by M.G. Mailloux Ledger Line Music

Tune-Yards | sketchy.

Credit: Pooneh Ghana

sketchy. is a generous, insightful record and a welcome return to the grand balancing act of Tune-Yards’ finest work.


The music that Merrill Garbus and Nate Brenner have made under the name Tune-Yards (once stylized tUnE-yArDs) is born out of a collision of styles and influences gleaned from across the globe, wrangled together by Garbus’s use of looped vocals and percussion and Brenner’s complementary bass rhythms. But while Tune-Yards’ songs have always been complete and full, the seams at which their borrowed sounds are joined have always been proudly displayed — at once in homage to the loop-by-loop way in which they’re assembled, and also as an aesthetic parallel to the band’s thematic exploration of contemporary feelings of dissonance. This approach was cemented as early as the band’s debut BiRd-BrAiNs, back when Tune-Yards was a solo act and Garbus had to arrange each instrument herself, though each new album has borne out a concerted effort to rethink and reconceive in response to cultural conversations of the moment. 2011’s w h o k i l l remains the project’s peak, with Garbus articulating the nagging contradictions of our hypernormalised society long before this was a hot topic in mainstream American art. However, in hindsight, this album had its blindspots, with critics noting hit single “Gangsta”’s dubious, ironic appropriation of the title phrase, a choice that read as particularly glib on an album so liberal in its incorporations of afrobeats and jazz. These criticisms followed Tune-Yards in the years after, which presumably inspired their 2018 album I can feel you creep into my private life, a messy, electronic-skewing record that saw Garbus reckoning with white privilege and such accusations of cultural appropriation; an abrasive performance of self-indictment hard not to read as at least a little aggrandizing.

I can feel you creep into my private life was certainly Tune-Yards nadir, though it may have been a necessary reset, an exorcism of bad energies clinging on from years prior. Their fifth and latest album sketchy. implies as much, finding Garbus in much more confident form, though still very much in conversation with the woes and contradictions of our modern world. As with w h o k i l l before it, the title evokes the spirit of the time, in this case a malaise and uncertainty that permeates most of contemporary art and politics. Yet, sketchy. aims to do more than bemoan and bear witness, and it doesn’t patronize its audience with attempts to prescribe solutions to systemic and existential calamities. Instead, Garbus and Brenner have come together and produced an album inspiring in its pragmatic hopefulness, pop ballads celebrating self-affirmation and reconnecting with humanity. Which isn’t to say that the album’s tone is airy or benign; opening track “nowhere, man” starts things off with layers of clattering drums and Garbus chanting/shouting “Nowhere to run / Nowhere to hide” over them, a literal response to the 2019 Alabama abortion ban that works just fine as a summation of patriarchal terror. Elsewhere, Garbus takes on the spectre of whiteness once more on the song “homewrecker,” though this time adopting a theatrically arch perspective, talk-singing her way through the thought processes of a hypothetical gentrifier. But while songs like these and the cynically-minded “my neighbor” ground sketchy. in relatable human dourness, the album’s ultimate agenda resonates in singles “hold yourself” and “hypnotized,” the former an anthem infused with the spirit of Prince that allows Garbus to flex her impressive vocal range, belting in harmony with herself about striving to break free from humanity’s most toxic cycles. Alternatively, “hypnotized” once again layers Garbus’s vocals into transcendent harmony in praise of deep human connection and coexistence with nature. In this way, sketchy. is a grand balancing act of the sort that Tune-Yards has performed for us in the past, executed with a verve and generosity that had eluded them more recently. It’s something of a graceful return to form, unbeholden to nostalgia for what the band previously was.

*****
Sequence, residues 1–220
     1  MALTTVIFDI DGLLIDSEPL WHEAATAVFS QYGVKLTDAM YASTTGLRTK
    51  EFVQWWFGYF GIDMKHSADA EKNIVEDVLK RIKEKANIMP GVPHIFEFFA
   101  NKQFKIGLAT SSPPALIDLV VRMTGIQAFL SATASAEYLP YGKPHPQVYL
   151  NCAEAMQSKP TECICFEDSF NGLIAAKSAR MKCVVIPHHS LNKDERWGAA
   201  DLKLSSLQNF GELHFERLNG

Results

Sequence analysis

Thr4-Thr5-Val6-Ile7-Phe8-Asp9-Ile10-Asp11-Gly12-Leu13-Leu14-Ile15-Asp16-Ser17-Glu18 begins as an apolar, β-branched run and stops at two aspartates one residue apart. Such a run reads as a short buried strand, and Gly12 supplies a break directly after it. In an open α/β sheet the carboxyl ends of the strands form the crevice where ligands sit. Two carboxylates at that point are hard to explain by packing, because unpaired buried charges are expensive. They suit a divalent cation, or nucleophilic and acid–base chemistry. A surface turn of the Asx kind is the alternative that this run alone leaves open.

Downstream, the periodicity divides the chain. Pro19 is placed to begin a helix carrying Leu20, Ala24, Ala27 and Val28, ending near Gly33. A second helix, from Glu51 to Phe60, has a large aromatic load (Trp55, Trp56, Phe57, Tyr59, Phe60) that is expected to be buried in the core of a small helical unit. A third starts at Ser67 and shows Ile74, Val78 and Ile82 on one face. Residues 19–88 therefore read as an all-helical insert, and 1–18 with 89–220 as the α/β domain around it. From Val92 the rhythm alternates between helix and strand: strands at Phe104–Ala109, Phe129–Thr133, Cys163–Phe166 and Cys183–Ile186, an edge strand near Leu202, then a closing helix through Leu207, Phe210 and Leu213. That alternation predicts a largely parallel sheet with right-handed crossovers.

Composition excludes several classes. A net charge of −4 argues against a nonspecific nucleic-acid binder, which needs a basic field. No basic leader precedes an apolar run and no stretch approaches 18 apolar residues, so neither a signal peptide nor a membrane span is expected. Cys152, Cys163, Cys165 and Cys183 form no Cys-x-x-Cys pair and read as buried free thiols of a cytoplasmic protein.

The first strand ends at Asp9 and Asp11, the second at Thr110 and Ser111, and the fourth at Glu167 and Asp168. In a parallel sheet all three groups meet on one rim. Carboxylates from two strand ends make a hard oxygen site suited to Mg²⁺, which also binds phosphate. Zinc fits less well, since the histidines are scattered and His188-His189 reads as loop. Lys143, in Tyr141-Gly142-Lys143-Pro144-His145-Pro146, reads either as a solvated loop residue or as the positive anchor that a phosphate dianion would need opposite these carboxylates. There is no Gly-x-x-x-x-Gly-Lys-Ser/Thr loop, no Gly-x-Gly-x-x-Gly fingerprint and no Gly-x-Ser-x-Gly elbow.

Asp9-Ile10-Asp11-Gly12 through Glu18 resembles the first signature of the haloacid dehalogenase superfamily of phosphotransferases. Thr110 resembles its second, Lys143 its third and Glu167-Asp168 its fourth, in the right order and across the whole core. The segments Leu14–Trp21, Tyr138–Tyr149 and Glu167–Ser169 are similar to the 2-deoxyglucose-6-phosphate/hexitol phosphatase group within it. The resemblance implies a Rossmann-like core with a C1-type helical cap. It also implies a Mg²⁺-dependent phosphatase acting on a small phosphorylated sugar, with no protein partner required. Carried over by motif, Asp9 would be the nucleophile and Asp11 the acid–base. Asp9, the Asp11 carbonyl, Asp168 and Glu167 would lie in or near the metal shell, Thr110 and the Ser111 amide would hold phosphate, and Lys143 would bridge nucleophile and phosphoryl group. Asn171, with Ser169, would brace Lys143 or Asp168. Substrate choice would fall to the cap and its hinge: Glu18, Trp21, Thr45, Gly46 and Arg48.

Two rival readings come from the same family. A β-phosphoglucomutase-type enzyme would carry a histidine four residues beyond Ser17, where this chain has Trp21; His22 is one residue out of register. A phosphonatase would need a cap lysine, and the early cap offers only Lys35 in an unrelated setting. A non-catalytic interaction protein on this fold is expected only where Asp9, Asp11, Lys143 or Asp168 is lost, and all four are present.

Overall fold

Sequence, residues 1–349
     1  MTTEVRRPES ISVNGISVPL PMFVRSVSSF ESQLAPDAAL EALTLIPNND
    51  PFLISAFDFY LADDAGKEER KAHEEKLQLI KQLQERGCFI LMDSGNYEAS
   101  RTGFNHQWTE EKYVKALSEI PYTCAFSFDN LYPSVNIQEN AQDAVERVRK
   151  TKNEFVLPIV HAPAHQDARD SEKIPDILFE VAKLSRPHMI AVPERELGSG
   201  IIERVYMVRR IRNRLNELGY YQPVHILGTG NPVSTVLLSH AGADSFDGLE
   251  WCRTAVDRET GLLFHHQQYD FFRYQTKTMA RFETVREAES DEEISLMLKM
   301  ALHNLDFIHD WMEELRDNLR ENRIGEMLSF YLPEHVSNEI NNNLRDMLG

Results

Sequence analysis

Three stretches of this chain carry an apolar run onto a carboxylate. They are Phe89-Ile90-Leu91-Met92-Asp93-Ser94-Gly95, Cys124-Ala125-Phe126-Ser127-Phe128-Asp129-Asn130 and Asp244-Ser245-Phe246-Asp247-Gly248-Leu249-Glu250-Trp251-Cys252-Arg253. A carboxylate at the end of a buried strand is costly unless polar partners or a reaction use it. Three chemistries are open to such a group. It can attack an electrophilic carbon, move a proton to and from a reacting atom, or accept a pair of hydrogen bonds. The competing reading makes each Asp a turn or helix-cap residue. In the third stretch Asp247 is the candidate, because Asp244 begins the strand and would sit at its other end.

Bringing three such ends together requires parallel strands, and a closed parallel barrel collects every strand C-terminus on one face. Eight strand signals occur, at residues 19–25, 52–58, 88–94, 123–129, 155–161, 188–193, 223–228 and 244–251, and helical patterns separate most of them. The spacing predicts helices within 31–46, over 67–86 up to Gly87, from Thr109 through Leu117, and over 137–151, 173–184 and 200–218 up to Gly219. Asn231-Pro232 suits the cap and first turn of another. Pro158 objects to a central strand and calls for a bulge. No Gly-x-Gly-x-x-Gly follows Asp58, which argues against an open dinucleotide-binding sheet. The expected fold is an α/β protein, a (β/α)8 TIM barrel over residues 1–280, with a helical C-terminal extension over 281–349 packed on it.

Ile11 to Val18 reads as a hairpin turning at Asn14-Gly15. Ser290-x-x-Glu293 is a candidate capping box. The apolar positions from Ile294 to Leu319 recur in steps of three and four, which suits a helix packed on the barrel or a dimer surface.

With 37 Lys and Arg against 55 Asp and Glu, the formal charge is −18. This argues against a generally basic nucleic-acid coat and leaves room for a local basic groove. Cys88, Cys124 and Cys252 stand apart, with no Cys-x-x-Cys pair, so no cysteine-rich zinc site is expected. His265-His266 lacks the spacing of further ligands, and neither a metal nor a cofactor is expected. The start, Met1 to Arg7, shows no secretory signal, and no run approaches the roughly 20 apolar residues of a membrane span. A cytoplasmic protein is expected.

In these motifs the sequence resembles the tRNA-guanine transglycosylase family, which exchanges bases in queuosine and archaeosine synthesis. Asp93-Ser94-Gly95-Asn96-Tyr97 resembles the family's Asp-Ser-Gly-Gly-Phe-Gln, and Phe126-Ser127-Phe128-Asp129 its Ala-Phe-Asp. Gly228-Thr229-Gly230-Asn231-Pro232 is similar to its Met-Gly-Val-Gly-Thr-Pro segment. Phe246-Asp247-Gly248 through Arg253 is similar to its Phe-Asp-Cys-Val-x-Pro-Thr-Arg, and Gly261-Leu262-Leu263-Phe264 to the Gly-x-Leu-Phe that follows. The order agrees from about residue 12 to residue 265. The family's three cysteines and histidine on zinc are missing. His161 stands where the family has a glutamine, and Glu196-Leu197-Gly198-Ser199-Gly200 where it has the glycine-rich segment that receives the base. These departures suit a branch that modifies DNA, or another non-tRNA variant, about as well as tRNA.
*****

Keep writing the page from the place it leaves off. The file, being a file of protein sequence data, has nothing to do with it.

Published as part of Album Roundup — March 2021 | Part 3.

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